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I tried to construct a small sheet with text and equations presented in a convenient publishing form, using Column:

Column[{
   Row[{"An integral:"}],
   Row[{Integrate[f[x], x]}]
}] // TraditionalForm

But every time the integral sign appears in one of expressions inside the Column, Mathematica reduces its size in the output. In this particular case the output looks like

Integral sign size is reduced in Column

Without the Column (or Grid, which seems to have the same effect) wrapper, the integral sign looks convenient:

Row[{Integrate[f[x], x]}] // TraditionalForm

The integral sign has the appropriate size when it does not appear as the content of Column or Grid

I tried to add Pane wrapper to the Column contents, and played with ItemSize option too, with no effect. Actually, I can't even figure out what exactly happens within the Column (or Grid) function that reduces the \[Integral] size.

So, the question is: what causes the shrinking in Column and Grid, and is there a way to control it?

I was thinking of using GraphicsGrid instead, but it seems look more like a hack than a proper solution—if it would help at all.

Notes:

  1. You can notice the same effect in a Standard Form too, it is just more clear in the Traditional output.
  2. I'm using Mathematica 8 on Windows 7 Basic.
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2 Answers 2

up vote 5 down vote accepted

It would appear that Column by default is setting the integral in the InlineFormula style. If you force it to use the DisplayFormula style, the integral will be set larger.

Column[{Row[{"An integral:"}], 
        Row[{Style[Integrate[f[x], x], "DisplayFormula"]}]}] // TraditionalForm

enter image description here

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Ah, I missed the intent of the question. Nice solution. –  Jagra Feb 13 '13 at 15:26
    
Yes, that does it! Thanks. Mathematica 8 Documentation Center is almost silent when it comes to keywords InlineFormula and DisplayFormula. :-\ –  Akater Feb 13 '13 at 15:28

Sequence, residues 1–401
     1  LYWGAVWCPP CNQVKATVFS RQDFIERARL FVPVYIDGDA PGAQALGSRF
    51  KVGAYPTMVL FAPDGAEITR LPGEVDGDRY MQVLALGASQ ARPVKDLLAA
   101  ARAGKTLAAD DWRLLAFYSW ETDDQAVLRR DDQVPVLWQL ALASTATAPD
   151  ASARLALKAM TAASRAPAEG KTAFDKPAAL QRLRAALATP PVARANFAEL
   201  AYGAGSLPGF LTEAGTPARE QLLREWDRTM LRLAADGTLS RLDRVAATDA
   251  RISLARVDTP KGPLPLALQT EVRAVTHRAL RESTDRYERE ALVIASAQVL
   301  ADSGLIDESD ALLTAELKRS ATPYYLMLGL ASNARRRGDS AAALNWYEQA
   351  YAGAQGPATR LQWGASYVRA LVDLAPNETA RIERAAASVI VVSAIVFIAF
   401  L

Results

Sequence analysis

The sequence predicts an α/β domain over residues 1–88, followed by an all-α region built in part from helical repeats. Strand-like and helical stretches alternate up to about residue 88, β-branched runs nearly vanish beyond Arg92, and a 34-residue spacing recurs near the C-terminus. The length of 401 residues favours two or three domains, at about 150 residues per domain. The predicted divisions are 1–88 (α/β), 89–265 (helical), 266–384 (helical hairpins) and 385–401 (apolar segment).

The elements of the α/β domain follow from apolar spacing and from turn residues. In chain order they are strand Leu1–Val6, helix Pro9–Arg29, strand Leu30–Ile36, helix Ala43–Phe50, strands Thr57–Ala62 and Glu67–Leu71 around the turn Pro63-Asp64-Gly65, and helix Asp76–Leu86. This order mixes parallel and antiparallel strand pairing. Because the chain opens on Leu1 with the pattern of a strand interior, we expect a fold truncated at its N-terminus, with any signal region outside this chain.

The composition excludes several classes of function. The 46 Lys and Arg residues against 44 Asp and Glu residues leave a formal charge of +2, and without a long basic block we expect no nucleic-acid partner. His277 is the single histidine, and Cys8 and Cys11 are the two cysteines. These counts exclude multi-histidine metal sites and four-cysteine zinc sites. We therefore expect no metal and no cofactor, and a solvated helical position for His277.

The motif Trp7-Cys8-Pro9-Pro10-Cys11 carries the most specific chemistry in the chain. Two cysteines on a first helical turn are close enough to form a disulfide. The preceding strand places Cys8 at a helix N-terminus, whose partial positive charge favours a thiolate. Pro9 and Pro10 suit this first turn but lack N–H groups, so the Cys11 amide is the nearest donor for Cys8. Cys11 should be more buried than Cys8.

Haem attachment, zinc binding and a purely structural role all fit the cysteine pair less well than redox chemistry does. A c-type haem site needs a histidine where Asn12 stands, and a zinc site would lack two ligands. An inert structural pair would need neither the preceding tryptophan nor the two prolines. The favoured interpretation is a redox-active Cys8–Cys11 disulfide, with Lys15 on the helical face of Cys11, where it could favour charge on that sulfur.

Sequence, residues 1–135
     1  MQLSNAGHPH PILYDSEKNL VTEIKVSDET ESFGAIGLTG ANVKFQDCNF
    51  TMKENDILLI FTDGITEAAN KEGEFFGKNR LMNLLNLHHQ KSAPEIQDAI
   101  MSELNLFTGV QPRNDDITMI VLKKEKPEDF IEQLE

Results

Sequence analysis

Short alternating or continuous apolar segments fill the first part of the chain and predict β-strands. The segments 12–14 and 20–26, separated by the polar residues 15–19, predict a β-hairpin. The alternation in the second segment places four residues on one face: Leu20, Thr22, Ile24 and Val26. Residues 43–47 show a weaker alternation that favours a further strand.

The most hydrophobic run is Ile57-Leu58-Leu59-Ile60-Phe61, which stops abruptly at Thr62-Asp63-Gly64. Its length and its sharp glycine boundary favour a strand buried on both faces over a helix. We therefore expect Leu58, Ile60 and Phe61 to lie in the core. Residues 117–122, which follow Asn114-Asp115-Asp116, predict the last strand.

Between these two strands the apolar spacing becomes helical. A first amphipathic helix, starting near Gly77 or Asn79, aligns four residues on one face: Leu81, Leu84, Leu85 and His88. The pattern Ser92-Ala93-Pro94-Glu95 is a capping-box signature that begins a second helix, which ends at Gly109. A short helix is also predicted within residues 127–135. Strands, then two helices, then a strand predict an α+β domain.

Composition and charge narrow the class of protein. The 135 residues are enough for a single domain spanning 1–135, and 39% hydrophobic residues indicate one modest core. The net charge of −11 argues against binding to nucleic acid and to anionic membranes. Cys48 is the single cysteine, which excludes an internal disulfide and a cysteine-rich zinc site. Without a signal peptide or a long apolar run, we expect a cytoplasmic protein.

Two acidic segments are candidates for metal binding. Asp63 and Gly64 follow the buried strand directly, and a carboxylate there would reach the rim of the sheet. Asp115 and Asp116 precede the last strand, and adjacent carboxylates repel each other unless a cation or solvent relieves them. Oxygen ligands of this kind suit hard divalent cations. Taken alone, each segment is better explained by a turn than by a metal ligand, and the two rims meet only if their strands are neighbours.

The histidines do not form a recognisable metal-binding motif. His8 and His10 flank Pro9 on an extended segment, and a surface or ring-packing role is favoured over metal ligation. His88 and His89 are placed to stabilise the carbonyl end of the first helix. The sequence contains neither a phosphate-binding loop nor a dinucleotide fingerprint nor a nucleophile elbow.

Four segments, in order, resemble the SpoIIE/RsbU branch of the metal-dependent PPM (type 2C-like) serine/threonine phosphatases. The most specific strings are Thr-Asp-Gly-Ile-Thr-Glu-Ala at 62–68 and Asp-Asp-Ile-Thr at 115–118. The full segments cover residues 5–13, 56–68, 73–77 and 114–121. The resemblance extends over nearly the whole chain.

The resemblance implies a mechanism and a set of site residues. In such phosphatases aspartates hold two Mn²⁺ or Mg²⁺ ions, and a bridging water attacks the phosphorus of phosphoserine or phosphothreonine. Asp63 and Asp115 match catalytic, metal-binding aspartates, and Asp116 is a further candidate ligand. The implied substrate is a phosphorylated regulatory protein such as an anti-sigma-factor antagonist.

Clarification, Do the uses of Row[] and TraditionalForm do anything in this? Just wondering. –  Jagra Feb 13 '13 at 15:30
    
No, they don't matter. But I think that leaving Rows in the example makes sense because I could use some inline formulas in the sheet, and they'd look OK, while the standalone formulae and calculations need the DisplayFormula option, and it's only needed in the corresponding Rows. –  Akater Feb 13 '13 at 15:36
    
@Jagra. TraditionalForm is innocent -- Row is under suspicion. –  m_goldberg Feb 13 '13 at 15:37

This should do it:

Column[{"An integral:", TextCell[TraditionalForm[Integrate[f[x], x]], FontSize -> 24]}]

enter image description here

A slight variation, this works too:

Column[{"An integral:", TraditionalForm[Integrate[f[x], x]]}, 
 ItemStyle -> {2 -> FontSize -> 24}]

enter image description here Isolating the individual pieces often helps in controlling different kinds of formatting.

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I see this i.stack.imgur.com/H27aQ.png –  belisarius Feb 13 '13 at 13:23
    
@belisarius -- That looks odd. I probably have an artifact, like f[] previously defined. I'll correct and update. Ah, that does it. Thx –  Jagra Feb 13 '13 at 14:17
    
Sorry if I wasn't clear enough in my post, but it's not the formula size that bothers me, it's just the integral symbol size: \[Integral], or “∫”. I could just write Style[Integrate[f[x], x], FontSize -> 24] instead of Integrate[f[x], x] in the original code, and get the larger sized formula. But I have to write something like Row[{DisplayForm@ AdjustmentBox[Style["\[Integral]", Large], BoxBaselineShift -> 1/2], f[x], "\[ThinSpace]", Dt[x]}] (aligning manually on the box level) to get the result closer to my 2nd pic of (sole) integral which is what I expect to see in the sheet. –  Akater Feb 13 '13 at 15:18

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